Inbound EDI using Terraform


The goal of this tutorial is to deploy a simple serverless system that ingests an EDI file and outputs a transformed JSON. It sounds simple, but at Stedi we like to say that reality has a surprising amount of detail. Luckily we have Stedi to do the heavy lifting of translating and transforming the EDI into a JSON to a shape of our choosing. For a deeper overview of Stedi, visit Introduction to Stedi.

What we will build

In this tutorial, we provide a reference implementation that works on the AWS Cloud. While there are AWS specific components in this guide, you could apply the same concepts and reuse part of the code for other (cloud) implementations. We are working on additional developer guides for other cloud platforms.

At a high level, we need to deploy components on AWS which do the following:

  1. Receive an EDI file as input data. In our case, we will ingest an EDI 850 purchase order on an S3 bucket that comes from our trading partner.
  2. Translate the 850 EDI to JSON EDI (JEDI). This makes it easier to inspect and process the data for humans and machines.
  3. Maps that JEDI to a specific JSON output schema, which allows us to model the output as we want.
  4. Write that JSON back into S3. From here, the file can be retrieved by another process.

Breakdown of Stedi services we use

Stedi has two services that we will explore for this workload: EDI Core (the service that translates EDI files to JSON documents (JEDI)), and Mappings (the service that allows for remapping keys and values of JSON documents).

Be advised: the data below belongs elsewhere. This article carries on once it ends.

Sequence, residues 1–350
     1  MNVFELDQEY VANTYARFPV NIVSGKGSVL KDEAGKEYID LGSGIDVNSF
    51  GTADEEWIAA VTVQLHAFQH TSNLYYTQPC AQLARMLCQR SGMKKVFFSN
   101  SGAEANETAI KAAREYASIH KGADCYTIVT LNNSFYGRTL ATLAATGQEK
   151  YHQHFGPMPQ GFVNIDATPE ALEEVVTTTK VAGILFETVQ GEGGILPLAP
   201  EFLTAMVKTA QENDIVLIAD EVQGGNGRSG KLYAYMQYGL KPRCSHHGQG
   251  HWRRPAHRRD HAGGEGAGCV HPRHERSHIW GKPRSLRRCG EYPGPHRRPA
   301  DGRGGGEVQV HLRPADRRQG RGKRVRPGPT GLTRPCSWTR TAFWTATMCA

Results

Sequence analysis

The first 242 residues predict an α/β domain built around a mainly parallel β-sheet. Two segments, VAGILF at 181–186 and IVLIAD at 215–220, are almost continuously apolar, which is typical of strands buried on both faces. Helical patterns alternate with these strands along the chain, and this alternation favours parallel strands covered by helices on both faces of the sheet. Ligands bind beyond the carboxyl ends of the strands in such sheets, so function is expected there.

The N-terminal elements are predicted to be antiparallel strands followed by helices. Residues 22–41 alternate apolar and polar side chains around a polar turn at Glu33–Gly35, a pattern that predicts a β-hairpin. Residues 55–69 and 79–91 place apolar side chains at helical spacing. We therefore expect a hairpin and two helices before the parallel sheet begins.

In order to execute these queries, we will use a serverless Lambda function that receives the EDI and makes those two requests. When an EDI file appears in the S3 bucket, it will trigger the Lambda that will get the file, transform it, and place it back in another S3 prefix.


The workflow step by step

Below you can find a step by step process of how the workflow will execute once a file is received on S3.

We have several services to create in AWS, these are listed below.


This is a quick breakdown - all of these components are defined as infrastructure as code in the project's GitHub repository.

Deploying the application


For this tutorial you will need:

Setup infrastructure using Terraform

We are using Terraform to deploy the solution on AWS. Terraform is an Infrastructure-as-Code (IaC) tool that allows you to manage infrastructure with configuration files rather than a GUI.

While these IaC tools exist for specific cloud providers, Terraform is cloud provider agnostic and with minor changes can be modified to deploy to Azure, Google Cloud, Alibaba Cloud, Heroku, and Oracle Cloud.

We are starting with a skeleton repository that has the basics configured. Download or clone it from:

There is additional information in the Readme document that provides a more detailed overview of all source code.

On your CLI, you can run git clone

Then change directory using cd tutorials/stedi-inbound-transformation-aws-terraform

The project structure is as follows;

├── scripts
│   └──    // Shell script for creating lambda .zip
├── index.js        // Main Lambda code that does all the magic
├──     // Core terraform infrastructure is written here
├──    // String variables for terraform
├── 850.edi     // Our X12 850 EDI file
└── package.json    // (To download @axios when we run npm install)